I know some parents do tell their children to voluntarily pass up any unhealthy foods offered to them. But in my own experience, that’s a pretty heavy burden to put on kids, especially young children!

Most children don’t want to set themselves apart from their peers. It’s just generally hard to sit by while your friends are happily diving into cupcakes or donuts. After all, studies show that even we adults have a very hard time resisting unhealthy food. That’s especially true when we’re feeling mentally taxed, as kids often are at school.

So that’s why my focus has always been less about shaping individual behavior and more about shaping our children’s overall environment. That way they’re not bombarded by unhealthy snacks as often.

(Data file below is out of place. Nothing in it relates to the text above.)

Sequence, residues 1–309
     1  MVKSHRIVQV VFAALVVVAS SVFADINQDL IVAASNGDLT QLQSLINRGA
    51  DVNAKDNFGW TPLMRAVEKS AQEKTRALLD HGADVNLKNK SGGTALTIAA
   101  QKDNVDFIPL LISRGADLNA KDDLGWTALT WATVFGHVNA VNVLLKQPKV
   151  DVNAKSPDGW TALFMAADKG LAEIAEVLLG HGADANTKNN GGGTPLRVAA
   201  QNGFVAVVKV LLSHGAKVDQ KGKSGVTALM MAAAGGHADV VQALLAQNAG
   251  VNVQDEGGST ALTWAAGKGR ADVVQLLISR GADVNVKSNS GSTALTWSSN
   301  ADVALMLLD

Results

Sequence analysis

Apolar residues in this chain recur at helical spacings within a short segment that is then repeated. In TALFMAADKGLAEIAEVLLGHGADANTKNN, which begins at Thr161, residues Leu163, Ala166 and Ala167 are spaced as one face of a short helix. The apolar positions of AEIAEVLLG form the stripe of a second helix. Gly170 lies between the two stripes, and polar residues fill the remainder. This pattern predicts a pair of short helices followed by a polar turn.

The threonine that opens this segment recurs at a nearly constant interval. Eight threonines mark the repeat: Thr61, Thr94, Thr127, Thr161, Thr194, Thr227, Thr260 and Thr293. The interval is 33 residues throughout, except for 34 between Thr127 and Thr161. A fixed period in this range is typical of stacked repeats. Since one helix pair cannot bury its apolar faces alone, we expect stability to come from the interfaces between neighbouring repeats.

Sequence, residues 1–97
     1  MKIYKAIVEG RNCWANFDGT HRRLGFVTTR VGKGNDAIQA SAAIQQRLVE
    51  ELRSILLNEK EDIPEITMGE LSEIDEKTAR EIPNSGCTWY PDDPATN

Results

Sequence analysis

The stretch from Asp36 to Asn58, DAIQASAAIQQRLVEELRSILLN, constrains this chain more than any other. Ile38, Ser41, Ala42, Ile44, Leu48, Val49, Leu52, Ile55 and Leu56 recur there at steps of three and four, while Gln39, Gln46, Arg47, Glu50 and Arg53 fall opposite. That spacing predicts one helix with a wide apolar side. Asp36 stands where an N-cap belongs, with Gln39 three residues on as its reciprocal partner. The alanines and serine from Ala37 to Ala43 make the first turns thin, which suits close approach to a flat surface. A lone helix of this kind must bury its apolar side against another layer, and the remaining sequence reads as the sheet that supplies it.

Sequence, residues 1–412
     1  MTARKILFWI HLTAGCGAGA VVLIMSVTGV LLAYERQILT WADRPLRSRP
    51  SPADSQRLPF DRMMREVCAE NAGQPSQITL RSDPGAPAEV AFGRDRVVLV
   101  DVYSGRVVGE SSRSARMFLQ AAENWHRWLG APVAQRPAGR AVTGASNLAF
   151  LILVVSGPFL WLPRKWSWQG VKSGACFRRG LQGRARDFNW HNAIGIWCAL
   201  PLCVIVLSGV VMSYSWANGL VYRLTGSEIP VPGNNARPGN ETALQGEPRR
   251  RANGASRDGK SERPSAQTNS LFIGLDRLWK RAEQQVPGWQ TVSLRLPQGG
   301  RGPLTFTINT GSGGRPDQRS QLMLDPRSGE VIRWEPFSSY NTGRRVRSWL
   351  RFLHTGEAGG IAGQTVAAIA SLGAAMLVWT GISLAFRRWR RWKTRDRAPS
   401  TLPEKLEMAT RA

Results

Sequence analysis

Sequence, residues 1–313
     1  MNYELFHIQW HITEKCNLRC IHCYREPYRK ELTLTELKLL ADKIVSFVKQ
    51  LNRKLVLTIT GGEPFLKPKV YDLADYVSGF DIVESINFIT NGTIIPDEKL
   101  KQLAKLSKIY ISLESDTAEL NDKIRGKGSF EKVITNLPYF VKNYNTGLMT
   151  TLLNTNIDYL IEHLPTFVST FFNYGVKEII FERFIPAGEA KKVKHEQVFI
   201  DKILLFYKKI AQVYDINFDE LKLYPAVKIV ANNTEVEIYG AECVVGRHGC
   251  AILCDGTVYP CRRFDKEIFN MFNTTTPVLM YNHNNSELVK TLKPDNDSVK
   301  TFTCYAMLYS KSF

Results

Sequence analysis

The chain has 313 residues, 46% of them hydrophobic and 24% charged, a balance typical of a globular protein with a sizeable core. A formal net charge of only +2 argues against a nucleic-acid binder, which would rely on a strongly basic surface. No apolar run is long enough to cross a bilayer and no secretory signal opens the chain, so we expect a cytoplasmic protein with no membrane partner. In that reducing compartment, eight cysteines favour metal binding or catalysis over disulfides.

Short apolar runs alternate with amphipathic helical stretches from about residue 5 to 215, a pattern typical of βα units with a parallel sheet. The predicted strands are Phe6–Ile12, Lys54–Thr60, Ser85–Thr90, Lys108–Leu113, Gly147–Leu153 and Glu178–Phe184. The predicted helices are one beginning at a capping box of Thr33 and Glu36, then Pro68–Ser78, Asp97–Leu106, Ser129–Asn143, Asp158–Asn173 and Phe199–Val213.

What do you think about using sweets as rewards?

Every medical and pediatric association that has addressed the issue says that food rewards are just not a good idea. Rewarding kids with sweets encourages them to eat when they’re not hungry. It can also send the message that sweets are somehow better or more desirable than healthier foods. That happens, for example when a parent uses dessert as a reward for eating dinner.

And when we offer sweets as a reward for getting through some stressful or difficult event, it can teach kids that food is a good way to self-soothe. That can set them up for a lifetime of poor eating habits.

And finally, when they’re used in the classroom, candy rewards can also undermine any nutrition education kids might receive. 

Healthy Snack Recipes for Kids

For more parenting resources:

If you find this guide for Kids Snacking Tips useful, I’d love to hear from you! And if you snapped some shots of any of these tips and tricks, please share it with me on Instagram so I can repost on my stories!